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  • Writer's pictureDerrick W. Spell, MD FACP

Facilitating Change by Directing the Rider

Updated: Feb 12, 2020

Let's return to our previous human psyche metaphor using the rider and the elephant. To effectively direct the rider, you need skills to influence and manipulate your thoughts. The rider is your conscious thinker and planner. However, if given too many choices, the rider becomes paralyzed and takes no action at all. Ambiguity causes the rider to fatigue. You can help the rider avoid this decision paralysis by being more clear and concise regarding how to act. The best way to provide the necessary direction is to script the critical moves and think in terms of actual behaviors.

Of the nine actions described in Switch, scripting the critical moves was the one that benefited me the most with my weight loss. Influence gurus focus on critical moves called vital behaviors, because altering a few strategic activities can drive a considerable amount of change. Fortunately, vital behaviors for effective weight loss have already been identified through the efforts of the National Weight Control Registry (NWCR). The NWCR was developed to further study the characteristics of individuals who succeeded at long term weight loss. The registry includes over 10,000 people who have lost at least thirty pounds and have maintained a weight loss of at least thirty pounds for over a year. The average person on the registry has lost sixty-six pounds and kept it off for over five years. Three vital behaviors have been described by the NWCR: eating breakfast every morning, regular exercise and frequent self-monitoring of weight. All three of these vital behaviors will be further detailed throughout the book, as they are paramount to effective long-term weight loss. I can not overemphasize how important all three vital behaviors were to my personal weight loss success!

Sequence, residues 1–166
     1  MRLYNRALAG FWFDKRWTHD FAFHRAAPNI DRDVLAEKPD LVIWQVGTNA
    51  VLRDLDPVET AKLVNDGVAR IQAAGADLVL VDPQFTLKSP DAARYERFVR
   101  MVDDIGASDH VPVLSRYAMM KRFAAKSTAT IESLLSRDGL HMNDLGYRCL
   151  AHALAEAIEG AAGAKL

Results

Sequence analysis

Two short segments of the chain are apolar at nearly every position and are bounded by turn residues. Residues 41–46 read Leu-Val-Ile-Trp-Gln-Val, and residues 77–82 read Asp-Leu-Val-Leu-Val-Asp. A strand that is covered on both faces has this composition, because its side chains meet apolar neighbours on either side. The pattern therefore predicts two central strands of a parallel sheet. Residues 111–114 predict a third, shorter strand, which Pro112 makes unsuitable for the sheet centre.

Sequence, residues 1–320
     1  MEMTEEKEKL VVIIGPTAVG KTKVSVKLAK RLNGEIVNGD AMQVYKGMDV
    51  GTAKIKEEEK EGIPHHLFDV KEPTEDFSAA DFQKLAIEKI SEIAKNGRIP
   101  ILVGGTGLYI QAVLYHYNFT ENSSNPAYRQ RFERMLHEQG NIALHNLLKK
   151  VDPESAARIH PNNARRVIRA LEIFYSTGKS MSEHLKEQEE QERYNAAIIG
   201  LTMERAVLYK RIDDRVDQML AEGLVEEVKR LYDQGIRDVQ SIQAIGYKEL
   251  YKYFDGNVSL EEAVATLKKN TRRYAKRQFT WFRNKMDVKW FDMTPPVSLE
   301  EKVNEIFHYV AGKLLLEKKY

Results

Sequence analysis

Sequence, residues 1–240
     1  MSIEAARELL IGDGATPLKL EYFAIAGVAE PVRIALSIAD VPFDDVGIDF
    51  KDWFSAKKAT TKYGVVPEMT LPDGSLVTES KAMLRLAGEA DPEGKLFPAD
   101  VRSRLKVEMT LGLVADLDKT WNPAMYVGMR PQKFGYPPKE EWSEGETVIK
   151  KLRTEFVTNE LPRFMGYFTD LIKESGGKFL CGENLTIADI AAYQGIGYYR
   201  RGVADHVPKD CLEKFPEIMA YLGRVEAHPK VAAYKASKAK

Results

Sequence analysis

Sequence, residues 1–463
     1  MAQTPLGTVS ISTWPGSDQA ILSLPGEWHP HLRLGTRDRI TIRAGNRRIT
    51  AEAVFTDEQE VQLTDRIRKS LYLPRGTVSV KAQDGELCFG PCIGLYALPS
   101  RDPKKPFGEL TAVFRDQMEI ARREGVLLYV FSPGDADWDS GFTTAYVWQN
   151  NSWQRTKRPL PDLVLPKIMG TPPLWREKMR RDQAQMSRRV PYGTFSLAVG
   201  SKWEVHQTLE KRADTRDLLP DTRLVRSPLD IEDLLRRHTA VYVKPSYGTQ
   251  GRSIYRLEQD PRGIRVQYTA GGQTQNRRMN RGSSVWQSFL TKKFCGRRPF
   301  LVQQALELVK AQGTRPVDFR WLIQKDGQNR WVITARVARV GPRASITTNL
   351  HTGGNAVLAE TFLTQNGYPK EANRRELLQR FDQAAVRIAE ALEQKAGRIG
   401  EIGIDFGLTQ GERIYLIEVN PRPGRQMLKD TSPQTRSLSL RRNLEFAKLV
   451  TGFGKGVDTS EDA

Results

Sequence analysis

Another useful way to direct the rider is to find the bright spots. It is much easier to duplicate success rather than trying to reinvent the proverbial wheel. The NWCR can be considered a bright spot. Another bright spot is the Weight Loss Maintenance Trial (WLMT) that was funded by the National Heart, Brain and Lung Institute. The WLMT was a multi-institution research project that studied a group of over 1600 obese people. The study participants were asked to concentrate on writing down everything they ate. Although food journaling was awkward at first, many started doing it daily. Six months into the project, those who wrote in their journal daily had lost twice as much weight. Food journaling is a subtype of self-monitoring that will be further detailed later. On a personal level, you can think back to your previous successful weight loss efforts and duplicate things that worked previously.

The third suggestion to direct the rider is to point to the destination. Remember, the rider prefers concrete information to abstract thoughts. Many participants in the NWCR acknowledge that they envisioned a specific reward for sticking to their diet plan, such as a swimsuit they wanted to wear. I found it useful to visualize being thin and to occasionally look at older photos taken when I was thinner. I also benefitted by reviewing my personalized list of reasons for why I wanted to lose weight. Likewise, it is helpful to review the general long-term health benefits of weight loss, including having more energy and less joint pains.

With our next discussion, we will continue our education on change and learn how to motivate the elephant!

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